This could also explain why pushing on what we thought of as the edge of a muscle, rather than smack in the middle of its belly, might have an effect. It would also account for why sometimes one didn’t need all that much pressure to calm some trigger points.
When I thought about how my touch stimulated mechanoreceptors in the skin, things made more sense. Most mechanoreceptors are in or just below the skin. There are some in deeper tissues but in order for us to “reach” those deeper receptors we still have to push into the skin where we are stimulating many more receptors. There’s no way to get past them without stimulating them.
Slowly, my thinking has changed. I’ve come to doubt that when we push into the body that we are doing what we think we are doing. I know it feels as if we are pushing into muscle and that it feels like pressure on muscle tissue creates the change, but I doubt it. I suspect the sensation is probably an illusion.
Our brain is good at creating illusions
Our brain can easily create very convincing illusions. The rubber hand experiment has shown that people can easily begin to feel as if a rubber hand is their own hand, even while knowing it is not.
Recently, I had an experience of an illusion that felt very, very real. I was in a seminar and we were practicing a technique. I was lying on a table, face down, with my arm hanging off the table. A therapist was applying very gentle traction to the skin of my arm and holding it for several minutes. My arm was stationary and I could feel my hand lightly touching her knee, which gave me a point of reference. About a minute into this practice, I began to have the sensation that the therapist was moving my arm in a spiraling motion and that my arm was bobbing as if it were floating on a wave. I knew that, in fact, my arm was stationary and I could feel my hand continued to touch the therapist’s knee, yet this sensory hallucination persisted and felt very real. It was a pleasant sensation and I enjoyed watching my brain play tricks on me.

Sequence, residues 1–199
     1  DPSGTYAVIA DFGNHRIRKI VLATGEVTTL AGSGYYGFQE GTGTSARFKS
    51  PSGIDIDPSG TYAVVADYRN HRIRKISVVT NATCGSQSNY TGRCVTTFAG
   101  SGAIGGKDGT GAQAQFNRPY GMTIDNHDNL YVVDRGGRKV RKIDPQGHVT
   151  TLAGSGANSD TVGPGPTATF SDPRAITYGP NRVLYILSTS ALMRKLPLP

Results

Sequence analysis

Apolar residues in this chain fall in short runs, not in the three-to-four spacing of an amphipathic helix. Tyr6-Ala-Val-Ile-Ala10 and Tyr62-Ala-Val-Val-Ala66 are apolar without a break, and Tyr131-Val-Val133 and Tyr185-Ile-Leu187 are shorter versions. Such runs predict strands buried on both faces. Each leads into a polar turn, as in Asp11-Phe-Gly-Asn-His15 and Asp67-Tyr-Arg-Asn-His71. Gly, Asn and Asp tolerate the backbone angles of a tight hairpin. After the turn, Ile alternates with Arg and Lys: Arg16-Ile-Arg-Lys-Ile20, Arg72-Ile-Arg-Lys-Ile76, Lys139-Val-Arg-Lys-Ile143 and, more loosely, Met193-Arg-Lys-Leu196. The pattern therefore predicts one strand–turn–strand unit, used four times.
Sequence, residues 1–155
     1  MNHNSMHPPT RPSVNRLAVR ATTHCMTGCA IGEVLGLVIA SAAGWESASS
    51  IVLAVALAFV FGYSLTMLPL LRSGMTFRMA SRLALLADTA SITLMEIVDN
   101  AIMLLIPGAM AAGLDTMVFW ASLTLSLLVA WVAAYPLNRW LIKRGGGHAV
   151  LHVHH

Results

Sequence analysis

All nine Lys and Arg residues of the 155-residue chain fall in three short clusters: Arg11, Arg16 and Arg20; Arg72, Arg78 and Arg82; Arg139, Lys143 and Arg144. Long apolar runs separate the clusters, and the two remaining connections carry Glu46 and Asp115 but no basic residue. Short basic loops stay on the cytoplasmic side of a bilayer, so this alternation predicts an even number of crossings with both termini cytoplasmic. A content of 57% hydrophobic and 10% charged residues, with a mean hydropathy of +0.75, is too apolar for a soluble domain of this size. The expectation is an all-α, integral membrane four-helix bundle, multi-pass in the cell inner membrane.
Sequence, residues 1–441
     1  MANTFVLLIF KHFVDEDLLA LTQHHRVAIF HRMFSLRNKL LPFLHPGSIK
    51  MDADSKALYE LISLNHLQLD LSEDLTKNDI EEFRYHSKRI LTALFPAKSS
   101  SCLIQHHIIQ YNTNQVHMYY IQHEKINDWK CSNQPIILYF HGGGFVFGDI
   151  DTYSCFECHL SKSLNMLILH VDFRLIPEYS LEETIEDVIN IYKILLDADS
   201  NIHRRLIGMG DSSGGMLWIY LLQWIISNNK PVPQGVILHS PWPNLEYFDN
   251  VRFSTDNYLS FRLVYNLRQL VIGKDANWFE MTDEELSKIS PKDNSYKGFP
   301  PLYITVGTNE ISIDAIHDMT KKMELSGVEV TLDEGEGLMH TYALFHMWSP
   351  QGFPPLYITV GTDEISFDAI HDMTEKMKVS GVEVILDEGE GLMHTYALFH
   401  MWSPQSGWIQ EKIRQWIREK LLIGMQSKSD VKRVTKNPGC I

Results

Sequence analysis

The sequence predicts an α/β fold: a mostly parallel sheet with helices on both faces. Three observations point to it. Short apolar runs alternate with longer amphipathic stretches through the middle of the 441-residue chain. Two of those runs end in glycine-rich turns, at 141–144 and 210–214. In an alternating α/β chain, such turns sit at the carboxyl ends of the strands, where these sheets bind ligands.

As massage therapists, both we and our clients have sensory experiences for which we have explanations. Our explanations may or may not be accurate. As we learn more about how the body actually works, we adapt our thinking and our explanations to what we learn. Our methods may achieve particular results but the way in which those results come about may not happen the way we think they do. When we understand how the body works, technique rises out of that understanding.
Are we really doing what we think we are doing?
I have come to doubt that we touch muscles in the way that we think we do or that pressing into muscles does what we think it does. However, this has not upset me. Thinking about the nervous system, about the skin, and about how our contact with our client’s skin speaks directly to their brain has opened up an entirely new world to me. I heard it first from Deane Juhan in his book Job’s Body: “The skin is the surface of the brain.” I’m starting to understand what that means.